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LendingTree Secures $175 Million in Financing to ‘Navigate Current Market Environment’

LendingTree has secured up to $175 million in financing from funds managed by Apollo affiliates.

The company, which operates online financial services marketplace LendingTree.com, will draw $125 million of the first lien term loan facility upon funding, using it for general corporate purposes that may include the repayment of existing debt, according to a Wednesday (March 27) press release.

The remainder of the facility will be available as a delayed draw during the following 12 months, according to the release.

“This financing with Apollo Funds represents a critical step in the growth trajectory of our business as we build on the significant progress to-date in streamlining our company and fortifying our balance sheet while we continue to innovate on behalf of our customers and partners,” Trent Ziegler, chief financial officer of LendingTree, said in the release.

“With an improved financial position, we believe the business is well positioned to capitalize on attractive opportunities across the LendingTree ecosystem,” Ziegler added.

Apollo Partner Robert Givone said in the release: “We are pleased to support LendingTree with this customized financing solution to enhance the company’s financial flexibility and better position it to navigate the current market environment.”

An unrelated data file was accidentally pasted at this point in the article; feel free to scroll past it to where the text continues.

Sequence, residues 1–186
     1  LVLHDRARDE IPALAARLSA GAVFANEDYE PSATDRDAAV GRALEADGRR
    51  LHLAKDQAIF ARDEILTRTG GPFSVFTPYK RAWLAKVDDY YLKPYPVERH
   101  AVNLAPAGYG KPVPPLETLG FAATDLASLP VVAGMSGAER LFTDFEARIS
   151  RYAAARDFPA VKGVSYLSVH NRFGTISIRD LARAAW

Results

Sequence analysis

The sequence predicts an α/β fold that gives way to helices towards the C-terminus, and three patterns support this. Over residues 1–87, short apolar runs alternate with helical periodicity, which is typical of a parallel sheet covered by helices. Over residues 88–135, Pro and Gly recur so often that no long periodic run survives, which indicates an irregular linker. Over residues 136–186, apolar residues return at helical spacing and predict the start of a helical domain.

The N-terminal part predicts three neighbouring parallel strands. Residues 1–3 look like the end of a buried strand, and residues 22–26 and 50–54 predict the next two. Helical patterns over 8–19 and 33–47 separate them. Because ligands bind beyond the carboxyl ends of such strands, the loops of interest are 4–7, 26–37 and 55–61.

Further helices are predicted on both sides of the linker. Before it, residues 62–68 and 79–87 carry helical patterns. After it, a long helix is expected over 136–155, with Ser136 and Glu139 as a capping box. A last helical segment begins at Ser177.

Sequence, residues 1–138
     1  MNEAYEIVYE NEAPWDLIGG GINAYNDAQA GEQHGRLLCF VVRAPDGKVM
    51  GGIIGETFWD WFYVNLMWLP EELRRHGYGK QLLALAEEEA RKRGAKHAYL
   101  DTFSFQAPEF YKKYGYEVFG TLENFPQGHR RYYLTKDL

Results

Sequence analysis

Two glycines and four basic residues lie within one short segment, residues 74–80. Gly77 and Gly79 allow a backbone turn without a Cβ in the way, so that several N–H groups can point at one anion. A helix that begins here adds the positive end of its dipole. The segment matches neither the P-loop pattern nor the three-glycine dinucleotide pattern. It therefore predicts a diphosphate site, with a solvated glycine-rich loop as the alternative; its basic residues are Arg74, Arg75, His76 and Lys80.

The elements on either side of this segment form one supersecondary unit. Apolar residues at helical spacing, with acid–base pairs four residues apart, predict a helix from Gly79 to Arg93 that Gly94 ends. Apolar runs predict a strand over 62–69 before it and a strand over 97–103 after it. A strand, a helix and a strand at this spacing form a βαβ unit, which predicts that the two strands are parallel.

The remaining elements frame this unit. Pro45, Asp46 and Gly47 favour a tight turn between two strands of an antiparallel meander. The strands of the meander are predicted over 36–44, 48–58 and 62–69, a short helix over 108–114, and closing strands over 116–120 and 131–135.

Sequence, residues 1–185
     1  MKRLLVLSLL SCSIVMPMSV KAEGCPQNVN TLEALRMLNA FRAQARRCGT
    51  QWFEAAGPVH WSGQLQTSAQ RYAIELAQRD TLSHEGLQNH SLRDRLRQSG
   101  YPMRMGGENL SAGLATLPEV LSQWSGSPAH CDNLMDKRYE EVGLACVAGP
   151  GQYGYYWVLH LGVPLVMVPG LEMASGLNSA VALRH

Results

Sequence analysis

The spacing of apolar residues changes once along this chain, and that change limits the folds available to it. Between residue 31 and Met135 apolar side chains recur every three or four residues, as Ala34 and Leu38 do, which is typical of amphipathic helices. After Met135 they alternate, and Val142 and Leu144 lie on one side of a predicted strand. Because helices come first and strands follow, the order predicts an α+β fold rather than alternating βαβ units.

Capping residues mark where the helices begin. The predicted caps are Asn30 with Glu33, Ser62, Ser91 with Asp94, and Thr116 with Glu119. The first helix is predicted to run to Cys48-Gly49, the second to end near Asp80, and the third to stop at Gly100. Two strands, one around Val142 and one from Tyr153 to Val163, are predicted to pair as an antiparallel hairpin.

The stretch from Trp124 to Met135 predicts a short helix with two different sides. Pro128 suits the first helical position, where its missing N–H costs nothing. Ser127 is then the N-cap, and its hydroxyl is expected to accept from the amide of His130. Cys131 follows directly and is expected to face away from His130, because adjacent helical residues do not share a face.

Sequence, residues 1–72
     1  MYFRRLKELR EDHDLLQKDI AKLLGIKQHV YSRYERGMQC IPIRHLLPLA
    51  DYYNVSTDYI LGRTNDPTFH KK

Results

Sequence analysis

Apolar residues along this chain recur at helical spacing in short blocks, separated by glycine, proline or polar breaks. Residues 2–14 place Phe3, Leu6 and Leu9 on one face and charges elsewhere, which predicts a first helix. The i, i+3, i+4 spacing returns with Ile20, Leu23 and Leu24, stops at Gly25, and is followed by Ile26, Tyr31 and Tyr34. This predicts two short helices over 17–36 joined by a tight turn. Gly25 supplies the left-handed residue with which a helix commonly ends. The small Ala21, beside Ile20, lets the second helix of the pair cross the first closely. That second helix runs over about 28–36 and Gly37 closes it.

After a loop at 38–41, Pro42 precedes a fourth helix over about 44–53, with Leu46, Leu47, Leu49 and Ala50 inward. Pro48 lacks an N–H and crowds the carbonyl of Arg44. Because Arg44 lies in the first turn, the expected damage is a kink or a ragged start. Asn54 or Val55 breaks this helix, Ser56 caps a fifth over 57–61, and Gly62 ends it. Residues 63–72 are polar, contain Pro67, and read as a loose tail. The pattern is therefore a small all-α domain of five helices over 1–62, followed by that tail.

LendingTree said in October that its revenue had been negatively impacted for several quarters by an economic backdrop in which successive Fed rate increases tightened financial conditions.

“Consumers have remained consistent in their search for financial products, but the availability of credit has contracted,” Ziegler and LendingTree Chairman and CEO Doug Lebda wrote in an Oct. 31 shareholder letter. “Lenders are less inclined to make loans in an environment with high inflation and a significantly increased cost of capital.”

VantageScore reported in January that consumer delinquencies for November 2023 remained elevated from the same month the prior year for all loan categories. In addition, late payments increased across all consumer groups, except those in the “superprime” group (those with credit scores between 781 and 850).

In February, it was reported that consumers are feeling more optimistic about their access to credit. “Perceptions of credit access compared to a year ago improved notably,” the Federal Reserve Bank of New York’s Center for Microeconomic Data said Feb. 12.